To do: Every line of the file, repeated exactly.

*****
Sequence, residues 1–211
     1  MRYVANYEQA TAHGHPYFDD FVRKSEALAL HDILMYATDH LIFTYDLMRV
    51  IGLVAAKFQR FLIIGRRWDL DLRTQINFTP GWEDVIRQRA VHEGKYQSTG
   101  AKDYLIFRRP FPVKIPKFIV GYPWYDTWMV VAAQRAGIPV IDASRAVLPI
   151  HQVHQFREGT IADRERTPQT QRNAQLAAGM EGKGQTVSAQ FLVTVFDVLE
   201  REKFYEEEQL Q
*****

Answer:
Sequence, residues 1–211
     1  MRYVANYEQA TAHGHPYFDD FVRKSEALAL HDILMYATDH LIFTYDLMRV
    51  IGLVAAKFQR FLIIGRRWDL DLRTQINFTP GWEDVIRQRA VHEGKYQSTG
   101  AKDYLIFRRP FPVKIPKFIV GYPWYDTWMV VAAQRAGIPV IDASRAVLPI
   151  HQVHQFREGT IADRERTPQT QRNAQLAAGM EGKGQTVSAQ FLVTVFDVLE
   201  REKFYEEEQL Q